It’s hard to verbalize the scale of the disaster that hit Nepal when an earthquake struck the country on April 25, 2015. But there is no doubt that recent technological advances saved many lives in its aftermath–from drone surveys of affected areas to portable communications networks. Here are some of the ways that technology is helping countries across the world better cope with natural disasters.
One of the first priorities in the immediate aftermath of a disaster is to reestablish communications. The head of Disaster Response for the nonprofit GSMA Mobile for Development, Kyla Reid, said that cell networks are crucial to coordinating relief efforts for those who are injured, as well as for letting unaffected people tell their loved ones that they’re safe.
“So much of the population in many of the countries that are regularly impacted by disasters–they’re predominantly accessing the Internet through their mobile devices,” she said. “We take for granted that that connectivity is just going to be there and allow us to interface with the assistance and the people that we need to.”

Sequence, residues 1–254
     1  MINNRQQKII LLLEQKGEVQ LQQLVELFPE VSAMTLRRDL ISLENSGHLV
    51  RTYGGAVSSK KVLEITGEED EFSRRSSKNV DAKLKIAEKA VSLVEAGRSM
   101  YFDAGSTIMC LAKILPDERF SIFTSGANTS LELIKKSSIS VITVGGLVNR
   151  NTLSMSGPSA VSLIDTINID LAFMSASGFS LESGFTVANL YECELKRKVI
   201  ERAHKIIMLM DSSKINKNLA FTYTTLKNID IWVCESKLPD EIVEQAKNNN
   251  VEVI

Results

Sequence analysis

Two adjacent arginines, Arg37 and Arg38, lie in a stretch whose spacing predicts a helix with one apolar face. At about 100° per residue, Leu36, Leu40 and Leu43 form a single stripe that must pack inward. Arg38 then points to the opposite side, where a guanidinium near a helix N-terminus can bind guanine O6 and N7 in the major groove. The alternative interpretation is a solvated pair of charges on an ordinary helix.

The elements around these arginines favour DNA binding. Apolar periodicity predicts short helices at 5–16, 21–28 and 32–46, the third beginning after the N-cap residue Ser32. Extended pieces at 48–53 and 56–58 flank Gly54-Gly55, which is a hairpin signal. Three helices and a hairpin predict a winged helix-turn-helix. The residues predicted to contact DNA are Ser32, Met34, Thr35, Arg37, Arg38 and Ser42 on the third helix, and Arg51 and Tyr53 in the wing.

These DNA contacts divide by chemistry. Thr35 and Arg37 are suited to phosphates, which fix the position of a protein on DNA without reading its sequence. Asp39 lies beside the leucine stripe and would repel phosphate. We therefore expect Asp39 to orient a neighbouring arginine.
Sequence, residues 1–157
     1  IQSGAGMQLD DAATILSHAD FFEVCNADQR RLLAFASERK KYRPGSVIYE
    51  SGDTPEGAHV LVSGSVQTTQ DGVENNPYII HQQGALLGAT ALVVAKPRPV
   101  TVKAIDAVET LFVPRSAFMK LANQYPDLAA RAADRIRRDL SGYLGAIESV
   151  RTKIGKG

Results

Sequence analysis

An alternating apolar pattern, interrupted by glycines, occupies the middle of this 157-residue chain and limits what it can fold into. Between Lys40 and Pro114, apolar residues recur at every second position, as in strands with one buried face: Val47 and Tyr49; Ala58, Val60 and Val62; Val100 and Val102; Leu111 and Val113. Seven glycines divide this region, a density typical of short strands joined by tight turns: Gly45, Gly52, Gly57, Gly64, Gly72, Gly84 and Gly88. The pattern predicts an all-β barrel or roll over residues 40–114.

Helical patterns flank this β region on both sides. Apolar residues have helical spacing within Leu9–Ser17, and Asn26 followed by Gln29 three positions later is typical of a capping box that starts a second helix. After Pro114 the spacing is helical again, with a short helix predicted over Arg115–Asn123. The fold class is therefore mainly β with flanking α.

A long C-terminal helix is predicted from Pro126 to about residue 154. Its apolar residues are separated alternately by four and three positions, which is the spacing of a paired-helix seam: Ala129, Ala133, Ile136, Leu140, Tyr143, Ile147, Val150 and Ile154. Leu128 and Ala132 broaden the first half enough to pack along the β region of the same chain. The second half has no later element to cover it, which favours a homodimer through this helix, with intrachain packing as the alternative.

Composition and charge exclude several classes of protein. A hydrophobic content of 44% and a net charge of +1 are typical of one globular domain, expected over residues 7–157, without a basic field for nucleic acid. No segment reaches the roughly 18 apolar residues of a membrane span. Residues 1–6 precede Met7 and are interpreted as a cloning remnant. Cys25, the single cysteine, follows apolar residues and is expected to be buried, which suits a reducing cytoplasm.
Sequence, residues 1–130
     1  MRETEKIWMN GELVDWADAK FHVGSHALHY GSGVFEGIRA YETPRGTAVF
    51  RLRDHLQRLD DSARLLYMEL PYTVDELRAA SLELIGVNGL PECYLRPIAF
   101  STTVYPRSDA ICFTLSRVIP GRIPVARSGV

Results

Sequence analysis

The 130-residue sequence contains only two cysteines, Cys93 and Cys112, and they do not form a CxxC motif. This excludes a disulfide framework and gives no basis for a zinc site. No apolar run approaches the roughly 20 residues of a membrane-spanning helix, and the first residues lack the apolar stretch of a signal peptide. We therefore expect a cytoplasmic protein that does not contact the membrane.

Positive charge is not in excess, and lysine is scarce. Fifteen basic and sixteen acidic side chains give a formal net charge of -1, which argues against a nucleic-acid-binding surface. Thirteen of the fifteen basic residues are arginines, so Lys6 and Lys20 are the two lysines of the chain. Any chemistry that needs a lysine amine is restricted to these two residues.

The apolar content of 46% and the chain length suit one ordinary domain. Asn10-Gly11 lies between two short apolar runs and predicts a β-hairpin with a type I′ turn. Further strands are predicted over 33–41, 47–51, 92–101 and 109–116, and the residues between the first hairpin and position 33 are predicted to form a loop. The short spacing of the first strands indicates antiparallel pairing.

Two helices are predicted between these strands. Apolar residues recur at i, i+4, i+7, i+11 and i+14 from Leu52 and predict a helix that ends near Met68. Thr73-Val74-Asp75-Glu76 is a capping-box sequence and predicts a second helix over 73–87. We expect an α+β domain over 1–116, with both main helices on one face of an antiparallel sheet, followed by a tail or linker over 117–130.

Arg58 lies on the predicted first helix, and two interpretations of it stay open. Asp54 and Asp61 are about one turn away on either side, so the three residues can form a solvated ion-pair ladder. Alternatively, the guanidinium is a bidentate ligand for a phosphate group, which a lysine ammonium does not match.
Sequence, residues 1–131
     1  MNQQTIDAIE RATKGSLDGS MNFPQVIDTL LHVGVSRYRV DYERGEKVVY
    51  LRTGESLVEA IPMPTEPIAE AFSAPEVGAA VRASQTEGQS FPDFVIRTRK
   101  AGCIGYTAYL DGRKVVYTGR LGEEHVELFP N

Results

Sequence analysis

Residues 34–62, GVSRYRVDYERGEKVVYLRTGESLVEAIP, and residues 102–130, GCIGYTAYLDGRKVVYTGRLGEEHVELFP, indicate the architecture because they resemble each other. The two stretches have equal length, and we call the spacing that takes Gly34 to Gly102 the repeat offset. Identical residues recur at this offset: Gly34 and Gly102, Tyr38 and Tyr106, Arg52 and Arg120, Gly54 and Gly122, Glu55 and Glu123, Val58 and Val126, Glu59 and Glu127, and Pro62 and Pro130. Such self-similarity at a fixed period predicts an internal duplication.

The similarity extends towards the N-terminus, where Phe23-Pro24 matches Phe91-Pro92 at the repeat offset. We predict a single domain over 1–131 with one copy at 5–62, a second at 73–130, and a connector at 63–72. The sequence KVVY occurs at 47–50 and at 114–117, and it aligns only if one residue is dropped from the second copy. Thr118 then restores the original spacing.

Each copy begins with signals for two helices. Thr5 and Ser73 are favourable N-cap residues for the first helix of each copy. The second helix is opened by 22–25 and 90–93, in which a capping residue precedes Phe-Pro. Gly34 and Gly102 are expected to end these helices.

Just two weeks before the earthquake hit Nepal, the GSMA held an Earthquake Preparedness Seminar in Kathmandu. Reid added that the most important part of the event was getting people to speak to each other. “They were able to understand where the gaps were, what existing plans were, [to] meet face to face so that when things did kick off they were much better able to pick up the phone, share information, prioritize together, and provide some mutual support,” she said.
Another crucial part of disaster recovery is mapping the affected areas. In 1999, following the devastation of hurricane Mitch in Central America, an agreement was made to supply free satellite imagery to emergency responders anywhere in the world–pooling the resources of 15 space agencies and more than 30 satellites.